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How The Senate Health Care Bill Could Redline Minorities

The Senate bill suffers from the 101 exchanges problem. It would technically produce two exchanges per state (one for the individual market, and one for the small business market) and one ill-defined national OPM exchange within all the other exchanges. The bill would also allow states to set up multiple regional subsidiary exchanges within a single state. I can think of no legitimate reason to allow for multiple exchanges within a single state, but can think of several ways it could be used to hurt minority and low income communities.

From the Senate Bill:

Section 1311 (f) –

(2) SUBSIDIARY EXCHANGES- A State may establish one or more subsidiary Exchanges if–

(A) each such Exchange serves a geographically distinct area; and

(B) the area served by each such Exchange is at least as large as a rating area described in section 2701(a) of the Public Health Service Act.

In fact, the House bill specifically prohibits multiple exchanges in a single state if a state chooses to opt out of the national exchange set up by the House bill.

Section 308 (b) –

(1) IN GENERAL- The Commissioner may not approve a State-based Health Insurance Exchange under this section unless the following requirements are met:


(B) There is no more than one Health Insurance Exchange operating with respect to any one State.

There are very few policy arguments for using state-based exchanges instead of a single national exchange (with opt out for states that want to set up a better exchange), and they are poor. I guess one could argue that states have a history of insurance regulation, and they should continue in that function. I believe state regulation of health insurance has been a big failure, and feel state-based exchanges are clearly a recipe for administrative waste, patchwork regulator enforcement, insurance company abuse, and insufficiently large (in other words, small) risk pools. I will at least acknowledge that someone might try to actually make a policy argument for state-based exchanges.

On the other hand, I can’t think of one policy justification for allowing multiple regional exchanges in one state. Even if you believe insurance regulation is best handled at the state level, there is no good reason to handle it at some sub-state level. The whole logic behind the exchange is to gather a large group of individuals into a single pool. It would simplify administrative overhead, give people the ability spread risk over a large pool, and help individuals get a bargain discount on premiums because of the size of the purchasing pool.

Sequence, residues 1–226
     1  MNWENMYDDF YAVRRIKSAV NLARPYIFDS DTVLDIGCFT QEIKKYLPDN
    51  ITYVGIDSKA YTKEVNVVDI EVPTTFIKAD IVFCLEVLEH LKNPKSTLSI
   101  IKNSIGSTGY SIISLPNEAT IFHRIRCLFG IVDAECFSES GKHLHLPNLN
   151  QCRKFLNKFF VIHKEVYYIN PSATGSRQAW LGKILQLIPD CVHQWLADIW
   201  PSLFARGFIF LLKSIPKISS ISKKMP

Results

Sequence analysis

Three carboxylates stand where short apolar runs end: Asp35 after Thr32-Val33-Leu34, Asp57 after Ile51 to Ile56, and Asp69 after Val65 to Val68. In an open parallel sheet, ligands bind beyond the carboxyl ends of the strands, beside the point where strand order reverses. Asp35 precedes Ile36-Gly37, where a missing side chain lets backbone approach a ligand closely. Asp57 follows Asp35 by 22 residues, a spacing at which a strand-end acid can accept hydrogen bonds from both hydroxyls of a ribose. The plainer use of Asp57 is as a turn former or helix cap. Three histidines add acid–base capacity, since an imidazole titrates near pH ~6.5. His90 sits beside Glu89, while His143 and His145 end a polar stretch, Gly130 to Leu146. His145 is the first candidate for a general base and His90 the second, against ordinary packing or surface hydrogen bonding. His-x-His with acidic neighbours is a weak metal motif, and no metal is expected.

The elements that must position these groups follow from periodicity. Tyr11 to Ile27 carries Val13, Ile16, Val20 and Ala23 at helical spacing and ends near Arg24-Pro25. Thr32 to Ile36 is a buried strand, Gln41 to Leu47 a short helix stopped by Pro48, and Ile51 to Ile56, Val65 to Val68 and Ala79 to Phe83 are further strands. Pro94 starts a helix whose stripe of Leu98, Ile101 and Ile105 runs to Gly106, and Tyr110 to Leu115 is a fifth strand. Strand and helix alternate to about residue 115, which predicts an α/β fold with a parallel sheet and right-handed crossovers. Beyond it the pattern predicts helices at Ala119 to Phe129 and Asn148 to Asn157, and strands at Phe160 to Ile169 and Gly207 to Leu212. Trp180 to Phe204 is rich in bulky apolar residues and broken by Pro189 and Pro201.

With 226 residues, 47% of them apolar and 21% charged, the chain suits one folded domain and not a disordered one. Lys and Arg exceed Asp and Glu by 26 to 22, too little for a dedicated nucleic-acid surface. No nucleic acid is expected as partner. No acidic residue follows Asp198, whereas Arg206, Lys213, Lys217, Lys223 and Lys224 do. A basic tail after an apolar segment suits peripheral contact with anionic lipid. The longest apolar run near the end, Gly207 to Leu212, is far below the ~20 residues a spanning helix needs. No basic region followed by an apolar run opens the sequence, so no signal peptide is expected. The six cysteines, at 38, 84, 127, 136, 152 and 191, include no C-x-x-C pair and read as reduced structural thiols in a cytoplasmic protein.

The exchange idea is modeled after the Federal Employee Health Benefit program (FEHB), the California state employee insurance program (CalPERS), and the Massachusetts connector. The FEHB is a national exchange. CalPERS is a statewide exchange which currently has more users than all but roughly five of the state-based exchanges are likely to have. The Mass connector is a statewide program serving one of the most populous states in the country. Clearly exchanges can be run at a national level or at a statewide level in even the largest states.

The only “uses” for regional subsidiary exchanges within a single state that I can think of would not be for the benefit of the general public. Subdividing already small state-based exchanges would allow insurance companies to keep premiums higher by reducing the bargaining power of individuals. It could allow several insurers to be active in a single state while avoiding direct competition with each other by only offering plans in different subsidiary exchanges. Most insidious, the regional subsidiary exchanges, in theory, could be used to redline minorities and low income communities.

States could create a subsidiary exchange that includes only a part of the state with primarily minority, low income communities, or communities with higher than normal health care problems. For example the Mexican border area in Texas, South Eastern Arkansas, Eastern Kentucky, the Detroit Area of Michigan, the list goes on. . . . This would drive up health care premiums just for people in these subsidiary exchanges by putting them in a smaller, less healthy community rating area. It could allow insurance companies to avoid these less desirable customers by not using those regional exchanges. The lack of competition could then further increase premiums in these subsidiary exchanges.

I can see zero potential upside and a many potential pitfalls to allowing states to set up multiple, regional, subsidiary exchanges within a single state. I have yet to find (and frankly don’t believe there exists) a good policy justification for this provision. It appears to me nothing more than another potential goody for the health insurance industry. This just points to another reason why health care reform needs to have a single, national exchange with national regulator enforcement, instead of leaving enforcement up to the states where insurance will have ample opportunity to game the system.

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Jon Walker

Jon Walker

Jonathan Walker grew up in New Jersey. He graduated from Wesleyan University in 2006. He is an expert on politics, health care and drug policy. He is also the author of After Legalization and Cobalt Slave, and a Futurist writer at